WHAT ABOUT WINE: Cheap in a good way

Robin Goldstein may know more about cheap wine than anyone else. He is the co-author and guiding force of “The Wine Trials 2010”, the second edition of the book that rates 150 of the best wines in the world that cost less than $15. His method — blind tastings — and his results — cheap wines that have fared significantly better than more famous and more expensive ones — have infuriated the mainstream wine world. One eminent wine writer went so far as to call Goldstein’s approach “almost an anti-intellectual position.”

Which is an interesting thing to say, given that the book has a scientific advisory board and 30 footnotes, in addition to the 150 wine ratings. (Full disclosure: I participated in one of the blind tasting panels for the first edition in 2008.)

More than anything else, the mainstream wine world, which has so much invested in the concept that expensive wine is always better than less expensive wine, doesn’t like the idea that a wine can’t be judged by its price. I don’t know that I agree with all 150 wines in the book (and I’ve tasted all but 25 or so); many simple, fruity wines did better than they should have, and there aren’t enough rosés again this year. But Goldstein’s concept is sound. Price is a better guide to quality than a cute label, but it’s not the be-all and end-all the experts want us to think it is.

Here are three of my favorites from this year’s selections:


• Rene Barbier Mediterranean White (about $6).
Chill this, and drink it when the summer heat makes you crazy. I tasted it with some wine types when I did a story about $6 wine a couple of years ago, and we were stunned at how well-made it was.

 
• Falesco Vitiano Red (about $12).
One of my all-time favorite wines — bring on the red sauce and Italian sausages, and marvel that a wine this well-made could be this inexpensive.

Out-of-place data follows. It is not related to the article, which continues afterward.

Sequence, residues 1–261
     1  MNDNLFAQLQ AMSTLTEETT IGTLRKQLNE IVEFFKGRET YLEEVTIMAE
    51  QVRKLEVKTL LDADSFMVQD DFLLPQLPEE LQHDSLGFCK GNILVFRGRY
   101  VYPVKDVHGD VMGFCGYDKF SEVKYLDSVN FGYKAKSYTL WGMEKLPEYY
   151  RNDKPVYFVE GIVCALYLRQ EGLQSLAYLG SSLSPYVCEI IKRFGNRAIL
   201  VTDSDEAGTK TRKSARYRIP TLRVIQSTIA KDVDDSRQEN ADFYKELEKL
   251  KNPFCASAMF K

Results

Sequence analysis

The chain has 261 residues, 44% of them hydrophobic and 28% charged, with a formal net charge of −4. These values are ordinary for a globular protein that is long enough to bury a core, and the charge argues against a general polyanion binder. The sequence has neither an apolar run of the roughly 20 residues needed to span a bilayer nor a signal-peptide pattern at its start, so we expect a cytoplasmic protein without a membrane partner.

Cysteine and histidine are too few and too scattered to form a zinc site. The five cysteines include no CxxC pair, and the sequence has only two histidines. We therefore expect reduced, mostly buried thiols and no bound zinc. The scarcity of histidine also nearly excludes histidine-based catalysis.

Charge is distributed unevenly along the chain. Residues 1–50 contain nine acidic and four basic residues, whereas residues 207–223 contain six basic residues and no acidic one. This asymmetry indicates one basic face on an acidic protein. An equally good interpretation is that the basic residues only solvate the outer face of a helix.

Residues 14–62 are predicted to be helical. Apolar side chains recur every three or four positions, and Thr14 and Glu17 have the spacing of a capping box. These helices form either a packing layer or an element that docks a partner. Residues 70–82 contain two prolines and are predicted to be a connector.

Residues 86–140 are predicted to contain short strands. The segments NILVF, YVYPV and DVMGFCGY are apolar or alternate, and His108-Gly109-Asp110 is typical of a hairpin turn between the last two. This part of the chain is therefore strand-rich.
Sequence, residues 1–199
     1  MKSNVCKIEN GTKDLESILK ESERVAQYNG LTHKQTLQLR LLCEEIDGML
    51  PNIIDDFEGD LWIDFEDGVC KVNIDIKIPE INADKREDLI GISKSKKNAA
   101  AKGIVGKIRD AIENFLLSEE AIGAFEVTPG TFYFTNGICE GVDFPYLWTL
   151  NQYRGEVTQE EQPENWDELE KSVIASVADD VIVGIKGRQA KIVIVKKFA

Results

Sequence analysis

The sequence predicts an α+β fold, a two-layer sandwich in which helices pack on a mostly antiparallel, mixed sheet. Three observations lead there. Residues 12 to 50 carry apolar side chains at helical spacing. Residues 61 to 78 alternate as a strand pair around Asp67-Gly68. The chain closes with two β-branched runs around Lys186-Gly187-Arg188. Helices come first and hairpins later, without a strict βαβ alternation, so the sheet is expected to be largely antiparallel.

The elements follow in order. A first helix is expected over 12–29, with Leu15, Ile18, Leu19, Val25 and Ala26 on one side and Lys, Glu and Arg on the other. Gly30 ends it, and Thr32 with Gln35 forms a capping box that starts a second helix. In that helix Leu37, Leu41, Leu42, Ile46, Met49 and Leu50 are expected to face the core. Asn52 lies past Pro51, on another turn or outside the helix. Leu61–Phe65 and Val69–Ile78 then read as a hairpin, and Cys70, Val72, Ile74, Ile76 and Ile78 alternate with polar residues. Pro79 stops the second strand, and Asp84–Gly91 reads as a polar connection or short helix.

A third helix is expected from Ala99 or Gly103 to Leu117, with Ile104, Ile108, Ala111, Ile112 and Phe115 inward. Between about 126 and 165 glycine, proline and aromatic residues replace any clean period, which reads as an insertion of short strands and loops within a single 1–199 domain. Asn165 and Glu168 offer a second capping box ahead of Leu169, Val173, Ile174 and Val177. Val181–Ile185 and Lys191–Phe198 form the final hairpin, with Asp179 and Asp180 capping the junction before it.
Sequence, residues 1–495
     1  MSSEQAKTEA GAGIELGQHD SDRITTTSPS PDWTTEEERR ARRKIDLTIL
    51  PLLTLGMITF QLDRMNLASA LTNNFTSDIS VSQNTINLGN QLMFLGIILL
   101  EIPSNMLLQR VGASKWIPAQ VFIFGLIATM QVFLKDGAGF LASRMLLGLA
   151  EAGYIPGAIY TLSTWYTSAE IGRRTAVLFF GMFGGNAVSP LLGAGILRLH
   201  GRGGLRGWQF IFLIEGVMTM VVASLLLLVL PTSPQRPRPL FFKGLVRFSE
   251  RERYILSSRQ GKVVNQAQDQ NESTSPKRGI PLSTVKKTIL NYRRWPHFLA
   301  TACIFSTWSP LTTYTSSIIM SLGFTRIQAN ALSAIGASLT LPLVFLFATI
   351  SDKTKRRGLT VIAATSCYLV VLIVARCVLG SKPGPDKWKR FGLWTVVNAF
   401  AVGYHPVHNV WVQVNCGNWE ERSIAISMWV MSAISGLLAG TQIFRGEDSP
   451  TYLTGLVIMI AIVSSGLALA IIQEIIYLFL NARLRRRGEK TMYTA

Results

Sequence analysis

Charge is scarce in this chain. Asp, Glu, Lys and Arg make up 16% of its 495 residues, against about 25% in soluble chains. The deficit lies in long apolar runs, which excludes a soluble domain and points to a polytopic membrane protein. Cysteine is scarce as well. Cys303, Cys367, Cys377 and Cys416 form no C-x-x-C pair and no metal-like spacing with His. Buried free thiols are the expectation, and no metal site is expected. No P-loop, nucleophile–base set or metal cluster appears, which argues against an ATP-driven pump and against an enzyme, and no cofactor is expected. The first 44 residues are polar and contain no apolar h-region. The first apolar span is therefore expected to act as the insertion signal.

• Casteller Cava (about $12).
This sparkling wine from Spain is a step up from $8 cavas like Cristalino — a little richer and a little less tight (a wine term that denotes where the flavors seem crammed together.)—Jeff  Siegel

 

Ask the Wine Guy

Q. What’s the biggest wine-producing state in the country?
A. In 2008, California produced 90 percent of the wine made in the United States, according to the Wine Institute. That figure has remained consistent since 1995.

Last-minute spaghetti sauce

Spaghetti sauce in a jar is not necessary. This takes almost as little time, and it tastes more like tomato sauce and less like salt. Serve this over your favorite pasta and with the Vitiano. If you’re feeling adventurous, chop some onion, celery, carrot and bell pepper in a food processor so it’s very fine, and sauté in a little olive oil before you add the garlic and liquid ingredients.

Serves 6, takes about 20 minutes

1 28-oz can tomato puree
2 6-oz cans tomato paste
2 cloves garlic, chopped
1 Tbsp olive oil
2 bay leaves
Salt and pepper to taste
1 to 2 c water, red wine or white wine

1. Brown the garlic in the olive oil over medium heat in a large pot until the garlic is fragrant. Add everything else except the water or wine and mix well.

2. Add the water or wine a little at a time, until the sauce is as thick or thin as you like it (you may not use all of the liquid). Bring to a boil, cover, and simmer 10 or 15 minutes.
 



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